“Break a Leg” a History

101609Celebs36ARThose of you who have ever spent anytime around actors have most likely heard of the term “Break a leg.” The famous saying that actors use in place of good luck before a performance. Now we all just accept it and write it off as a normal actor thing to do, but how did it all start, and why? That was the same question we asked and here is what we found for you.

The phrase Break a Leg had had many meanings for various groups of people since its earliest conception. The earliest forms of the phrase in the theatrical community are actually found much later in the phrases history beginning around 1948. The first record of it in the theatre is from a newspaper ask column in The Charleston Gazette. The column says the following.

  1. What are some of the well-known superstitions of the theatre?
  2. Superstitions of the stage are numerous and many are particular to individual actors and actresses. That it is bad luck to whistle in a dressing room is a widely accepted belief. Another is that one actor should not wish another good luck before a performance but say instead ‘I hope you break a leg.’

This example shows the earliest signs of the phrase in the English vernacular, and in the American theatre. Now the idea of what ‘break a leg’ is actually meant for is disputed, and there are many ideas besides the conventional meaning of good luck. These meanings are things such as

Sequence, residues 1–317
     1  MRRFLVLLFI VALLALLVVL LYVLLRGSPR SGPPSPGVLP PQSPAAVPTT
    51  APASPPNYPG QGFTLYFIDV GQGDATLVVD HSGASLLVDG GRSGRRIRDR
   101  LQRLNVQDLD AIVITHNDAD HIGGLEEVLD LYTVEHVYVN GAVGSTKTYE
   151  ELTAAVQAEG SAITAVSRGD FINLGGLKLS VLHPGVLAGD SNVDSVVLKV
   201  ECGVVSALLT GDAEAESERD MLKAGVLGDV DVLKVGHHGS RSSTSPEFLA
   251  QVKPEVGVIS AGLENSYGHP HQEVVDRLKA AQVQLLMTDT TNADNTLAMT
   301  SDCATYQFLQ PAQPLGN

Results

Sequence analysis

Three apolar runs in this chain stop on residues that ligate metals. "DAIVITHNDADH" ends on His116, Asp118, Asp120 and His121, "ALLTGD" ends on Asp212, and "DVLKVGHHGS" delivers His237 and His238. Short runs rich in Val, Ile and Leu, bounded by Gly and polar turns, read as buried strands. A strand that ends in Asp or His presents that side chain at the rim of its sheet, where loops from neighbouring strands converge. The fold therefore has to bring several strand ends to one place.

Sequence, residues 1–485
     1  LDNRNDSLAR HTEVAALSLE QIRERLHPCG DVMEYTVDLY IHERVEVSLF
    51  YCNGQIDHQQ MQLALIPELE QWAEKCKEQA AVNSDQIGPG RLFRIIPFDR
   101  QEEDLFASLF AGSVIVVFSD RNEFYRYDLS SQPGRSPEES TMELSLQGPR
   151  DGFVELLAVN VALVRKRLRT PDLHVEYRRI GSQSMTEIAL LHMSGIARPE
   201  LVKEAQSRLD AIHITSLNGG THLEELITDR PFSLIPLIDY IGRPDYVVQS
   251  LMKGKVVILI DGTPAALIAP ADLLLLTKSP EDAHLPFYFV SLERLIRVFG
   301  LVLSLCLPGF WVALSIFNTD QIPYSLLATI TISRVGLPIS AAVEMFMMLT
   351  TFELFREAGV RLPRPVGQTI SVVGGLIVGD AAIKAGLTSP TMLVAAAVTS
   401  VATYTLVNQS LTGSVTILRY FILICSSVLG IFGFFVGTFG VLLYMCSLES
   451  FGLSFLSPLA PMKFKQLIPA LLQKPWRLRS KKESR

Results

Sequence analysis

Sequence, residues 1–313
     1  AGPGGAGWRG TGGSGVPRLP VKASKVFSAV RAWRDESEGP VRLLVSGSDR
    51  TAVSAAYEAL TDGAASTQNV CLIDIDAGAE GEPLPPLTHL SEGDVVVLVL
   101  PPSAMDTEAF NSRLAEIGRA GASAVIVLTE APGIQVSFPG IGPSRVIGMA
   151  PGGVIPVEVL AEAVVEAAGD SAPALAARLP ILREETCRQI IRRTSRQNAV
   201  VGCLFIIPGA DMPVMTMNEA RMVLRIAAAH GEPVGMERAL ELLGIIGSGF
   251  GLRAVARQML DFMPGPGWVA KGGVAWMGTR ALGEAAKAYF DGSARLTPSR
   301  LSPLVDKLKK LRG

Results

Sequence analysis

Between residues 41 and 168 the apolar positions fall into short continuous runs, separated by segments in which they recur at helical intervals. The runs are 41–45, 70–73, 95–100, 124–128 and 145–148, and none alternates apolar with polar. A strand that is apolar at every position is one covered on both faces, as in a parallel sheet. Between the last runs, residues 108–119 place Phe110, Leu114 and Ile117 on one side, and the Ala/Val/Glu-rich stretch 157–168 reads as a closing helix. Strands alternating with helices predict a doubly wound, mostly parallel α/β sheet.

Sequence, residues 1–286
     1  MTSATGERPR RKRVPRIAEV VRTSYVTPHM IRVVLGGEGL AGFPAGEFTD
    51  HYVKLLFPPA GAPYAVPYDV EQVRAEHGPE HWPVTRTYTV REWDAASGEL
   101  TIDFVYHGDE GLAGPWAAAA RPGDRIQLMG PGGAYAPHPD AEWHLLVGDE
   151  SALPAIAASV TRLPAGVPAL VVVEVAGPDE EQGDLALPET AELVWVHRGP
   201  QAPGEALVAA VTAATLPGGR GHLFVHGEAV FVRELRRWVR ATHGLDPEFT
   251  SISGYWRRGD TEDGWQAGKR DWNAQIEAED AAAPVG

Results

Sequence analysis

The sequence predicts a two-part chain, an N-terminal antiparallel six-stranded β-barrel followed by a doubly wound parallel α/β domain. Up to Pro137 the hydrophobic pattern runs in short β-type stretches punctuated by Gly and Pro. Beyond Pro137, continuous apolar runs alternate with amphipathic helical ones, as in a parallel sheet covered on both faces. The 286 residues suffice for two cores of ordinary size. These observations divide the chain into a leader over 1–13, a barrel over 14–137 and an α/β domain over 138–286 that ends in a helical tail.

• Put on a performance good enough that you will have to bend your knee in a bow or curtsy to acknowledge the applause.
  • Impress the audience so much that you will need to bend down to pick up the coins they throw onto the stage.
  • Pass out onto the stage to receive a curtain call (the side curtains on a stage are known as legs).
  • Go on stage and have your ‘big break’.

All of these are plausible ideas, but much less likely for why the term began and its original meanings.  The most likely of them all is the idea that to ‘break a leg’ is meant to be a way of telling an actor to be so good he deserves to bow after his performance. This is likely because it has been passed down through the ages of what ‘break a leg’ really means along with the more common meaning of the phrase.

Well now you have learned where one of the most famous phrases in the American theatre originated. There is no way to truly pinpoint the exact time and person who coined the phrase first, but nonetheless it will remain one of theatres oldest sayings until its dying days.

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